If President Trump follows through with his suggestion that he might withhold subsidy payments to insurers as a way to force Democrats to the negotiating table, the move might have little effect on his political opponents but push struggling health plans out of the ACA marketplace.
The president indicated in an interview with the Wall Street Journal last week that he was considering not making the cost-sharing reduction (CSR) payments that insurers depend on to recoup the cost of covering very low income consumers.
The goal would be to pressure Democrat leaders to negotiate on overhauling or repealing the Affordable Care Act, he said, but it could have more effect on insurers than politicians.
There is nearly universal support for continuing the CSR payments among healthcare stakeholders, and many Republican leaders have been favorable as well, notes Joel Ario, managing director with the consulting group Manatt Health.
That may make it difficult to get a majority vote in the House Republican caucus, he says.
“The president is unlikely to gain any leverage with the Democrats by holding out since he pretty clearly will be blamed for the fallout if he cuts off the payments, especially now that he has acknowledged that he could keep the payments flowing.””In that context, the decision may well come down to President Trump, who has multiple ways to keep the payments flowing including simply deciding to continue the lawsuit or agreeing to further delays with the House Republicans,” Ario says.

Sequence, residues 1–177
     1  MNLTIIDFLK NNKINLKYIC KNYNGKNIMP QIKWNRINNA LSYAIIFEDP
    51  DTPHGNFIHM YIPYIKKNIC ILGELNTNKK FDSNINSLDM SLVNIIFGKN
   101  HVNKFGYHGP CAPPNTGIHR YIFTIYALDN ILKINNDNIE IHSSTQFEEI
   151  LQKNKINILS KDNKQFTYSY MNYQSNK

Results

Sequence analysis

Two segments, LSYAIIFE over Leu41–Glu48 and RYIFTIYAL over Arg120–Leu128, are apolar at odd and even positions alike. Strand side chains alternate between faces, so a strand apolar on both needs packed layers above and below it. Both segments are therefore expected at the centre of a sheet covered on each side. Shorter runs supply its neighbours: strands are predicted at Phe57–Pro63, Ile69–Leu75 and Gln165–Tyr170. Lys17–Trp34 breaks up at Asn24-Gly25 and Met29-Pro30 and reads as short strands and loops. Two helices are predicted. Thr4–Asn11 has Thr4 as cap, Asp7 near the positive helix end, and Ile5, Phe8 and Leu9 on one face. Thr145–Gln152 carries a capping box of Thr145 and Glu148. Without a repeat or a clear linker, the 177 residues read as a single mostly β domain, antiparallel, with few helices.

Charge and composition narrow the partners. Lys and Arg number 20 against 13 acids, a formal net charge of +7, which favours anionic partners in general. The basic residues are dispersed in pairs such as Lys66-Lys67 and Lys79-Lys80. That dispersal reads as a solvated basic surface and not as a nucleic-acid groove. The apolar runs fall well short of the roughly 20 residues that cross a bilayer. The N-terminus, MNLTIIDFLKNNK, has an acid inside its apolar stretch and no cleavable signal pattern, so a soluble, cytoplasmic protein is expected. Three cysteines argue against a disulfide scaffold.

The fallout could be severe, Ario says, with insurers on the edge deciding not to participate in 2018 and those that remain having to raise rates an estimated 19% to cover the shortfall.
Ironically, most of that cost would be borne by the federal government in the form of higher tax credits, but the process would be messy and the resulting destabilization would not bode well for future efforts to make bipartisan changes to the ACA, Ario says.
CSR Payments Unconstitutional?
Some Republicans have challenged the CSR payments as being unconstitutional because the funds were not appropriated, but the government has set a precedent by making the payments, says Sally C. Pipes, CEO of the Health Care Policy at the Pacific Research Institute.
The insurers have lost so much money on the exchanges because the “young invincibles” didn’t sign up in the numbers necessary to compensate for the older and sicker customers, and the cost of insuring very low income people only added to the financial burden, Pipes notes. The CSR payments at least helped some insurers keep their heads above water, she says.
“It’s unfortunate that they made these payments when they hadn’t been appropriated because now we’re in a mess,” she says. “A number of insurers have said they’re going to cut way back again next year as far as participating in the exchanges, and in the case of Humana they’re not going to be in any exchanges. If Trump withholds the CSR payments, there probably will be even more insurers who say they are going to get out of the exchange market.”
Taking the payments away could push some insurers to concluding they just can’t make the numbers work.
“It could lead to a faster death spiral of Obamacare,” Pipes says.